UNH Faculty Senate

Summary Minutes from 19 February, 2001

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UNIVERSITY OF NEW HAMPSHIRE
2000/01 FACULTY SENATE

FEBRUARY 19, 2001 - MINUTES SUMMARY


I. Roll - The following Faculty Senate members were absent: Dennis, Draper, Dusek, Halstead, Macieski, McCann, Morgan, Reardon, Slomba, and VonDamm. Excused were Afolayan, Becker, Farrell, Givan, Hiller, Mills, Petty, Russell, Shippee-Rice, Simpson, Smith, and Trowbridge .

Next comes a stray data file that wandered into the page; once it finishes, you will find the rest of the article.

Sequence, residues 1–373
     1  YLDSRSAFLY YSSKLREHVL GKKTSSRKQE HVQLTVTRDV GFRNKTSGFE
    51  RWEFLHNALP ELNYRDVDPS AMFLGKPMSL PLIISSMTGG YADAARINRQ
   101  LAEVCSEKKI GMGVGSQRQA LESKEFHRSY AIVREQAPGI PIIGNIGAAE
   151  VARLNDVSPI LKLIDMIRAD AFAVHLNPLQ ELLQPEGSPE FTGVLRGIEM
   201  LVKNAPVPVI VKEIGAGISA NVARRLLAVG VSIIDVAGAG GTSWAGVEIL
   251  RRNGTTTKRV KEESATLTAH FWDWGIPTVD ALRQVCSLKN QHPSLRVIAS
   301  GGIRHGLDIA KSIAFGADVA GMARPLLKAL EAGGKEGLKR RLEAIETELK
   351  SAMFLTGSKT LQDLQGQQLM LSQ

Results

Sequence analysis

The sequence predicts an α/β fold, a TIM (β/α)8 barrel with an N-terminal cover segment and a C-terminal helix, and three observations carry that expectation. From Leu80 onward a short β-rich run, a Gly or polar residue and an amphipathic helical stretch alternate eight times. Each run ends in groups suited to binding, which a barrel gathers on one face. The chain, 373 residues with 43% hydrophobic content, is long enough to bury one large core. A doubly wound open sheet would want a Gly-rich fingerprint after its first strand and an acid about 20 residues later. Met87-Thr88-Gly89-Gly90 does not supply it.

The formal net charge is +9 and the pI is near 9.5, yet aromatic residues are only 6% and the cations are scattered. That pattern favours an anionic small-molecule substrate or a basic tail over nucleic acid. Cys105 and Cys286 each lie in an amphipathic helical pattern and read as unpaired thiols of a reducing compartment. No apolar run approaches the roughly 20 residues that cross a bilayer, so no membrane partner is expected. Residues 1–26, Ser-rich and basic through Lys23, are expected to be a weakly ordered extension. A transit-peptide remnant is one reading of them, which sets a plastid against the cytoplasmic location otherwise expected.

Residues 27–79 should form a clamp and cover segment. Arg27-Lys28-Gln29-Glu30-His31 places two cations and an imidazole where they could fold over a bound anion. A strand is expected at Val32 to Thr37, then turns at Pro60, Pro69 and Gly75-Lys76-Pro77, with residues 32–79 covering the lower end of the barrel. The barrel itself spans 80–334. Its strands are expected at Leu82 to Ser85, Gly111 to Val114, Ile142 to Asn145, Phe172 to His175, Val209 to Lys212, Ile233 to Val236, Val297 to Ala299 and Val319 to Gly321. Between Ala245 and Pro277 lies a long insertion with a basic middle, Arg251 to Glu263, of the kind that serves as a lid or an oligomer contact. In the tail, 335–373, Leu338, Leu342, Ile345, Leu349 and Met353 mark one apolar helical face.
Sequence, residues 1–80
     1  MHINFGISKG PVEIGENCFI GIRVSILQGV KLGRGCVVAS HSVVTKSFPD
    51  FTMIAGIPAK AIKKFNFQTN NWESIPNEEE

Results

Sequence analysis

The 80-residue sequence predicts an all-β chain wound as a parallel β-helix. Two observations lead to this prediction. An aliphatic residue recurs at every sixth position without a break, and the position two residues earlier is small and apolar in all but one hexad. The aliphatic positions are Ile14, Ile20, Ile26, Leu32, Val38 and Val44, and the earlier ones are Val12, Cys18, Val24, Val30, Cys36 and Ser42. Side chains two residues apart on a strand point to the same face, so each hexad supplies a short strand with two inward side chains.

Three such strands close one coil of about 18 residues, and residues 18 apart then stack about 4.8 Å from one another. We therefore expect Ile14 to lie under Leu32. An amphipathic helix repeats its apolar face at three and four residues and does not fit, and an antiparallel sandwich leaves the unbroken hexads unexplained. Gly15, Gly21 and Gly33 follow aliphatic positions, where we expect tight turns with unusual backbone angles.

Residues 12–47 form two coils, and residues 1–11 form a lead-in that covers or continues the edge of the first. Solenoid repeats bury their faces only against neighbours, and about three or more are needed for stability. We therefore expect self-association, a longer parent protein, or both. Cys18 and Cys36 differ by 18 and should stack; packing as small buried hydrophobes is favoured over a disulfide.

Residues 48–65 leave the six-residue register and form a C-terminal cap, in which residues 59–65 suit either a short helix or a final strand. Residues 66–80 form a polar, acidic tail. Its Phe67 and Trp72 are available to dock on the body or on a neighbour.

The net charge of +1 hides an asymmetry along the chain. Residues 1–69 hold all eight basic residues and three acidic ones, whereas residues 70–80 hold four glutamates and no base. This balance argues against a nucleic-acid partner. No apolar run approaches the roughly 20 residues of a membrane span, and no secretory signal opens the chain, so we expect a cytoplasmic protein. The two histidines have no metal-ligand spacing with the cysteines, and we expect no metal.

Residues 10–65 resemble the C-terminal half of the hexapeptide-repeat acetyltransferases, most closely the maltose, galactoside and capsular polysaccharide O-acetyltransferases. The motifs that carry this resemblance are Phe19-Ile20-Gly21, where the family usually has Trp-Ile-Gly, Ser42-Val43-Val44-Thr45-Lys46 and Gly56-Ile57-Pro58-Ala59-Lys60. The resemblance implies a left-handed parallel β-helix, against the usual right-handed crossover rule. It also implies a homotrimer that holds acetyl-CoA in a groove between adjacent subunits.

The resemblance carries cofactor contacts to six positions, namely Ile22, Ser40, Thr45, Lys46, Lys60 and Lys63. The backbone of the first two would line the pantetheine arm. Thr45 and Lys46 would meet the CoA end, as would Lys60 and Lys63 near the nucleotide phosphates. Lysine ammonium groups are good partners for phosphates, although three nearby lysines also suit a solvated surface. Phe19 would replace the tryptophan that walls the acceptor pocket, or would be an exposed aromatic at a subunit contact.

II. Communications with the President - The president said that the governor has proposed a 5.2 percent increase (5.0 for UNH) in our operating budget. Two million dollars are proposed for the Granite State Scholars Fund. Also, no specific amount was included for capital projects. The leaders of business and industry have been helpful in the effort to encourage the legislators to support better funding for higher education. Today the university gave notice to Wallace Bookstore that the university will terminate the bookstore's contract, since Wallace has not lived up to the terms of the contract. The university is reviewing other bids for the UNH bookstore. Discussion ensued about a memo saying that summer school compensation for faculty should not exceed two ninths or, in exceptional cases, three ninths of the academic year salary. How did this become policy and why? The policy reflects an assumption that a month of summer work is not worth more than a month during the academic year for a given faculty member. The university's policy reflects the same reasoning as federal government policy in this regard. A professor objected that one faculty member could make more than another for summer school teaching, and the president replied that some faculty are more experienced than others. Up to two hundred upper-class students who would like to live on campus will not have university housing unless these students choose to live three to a double room or unless they are on the UNH apartment housing list.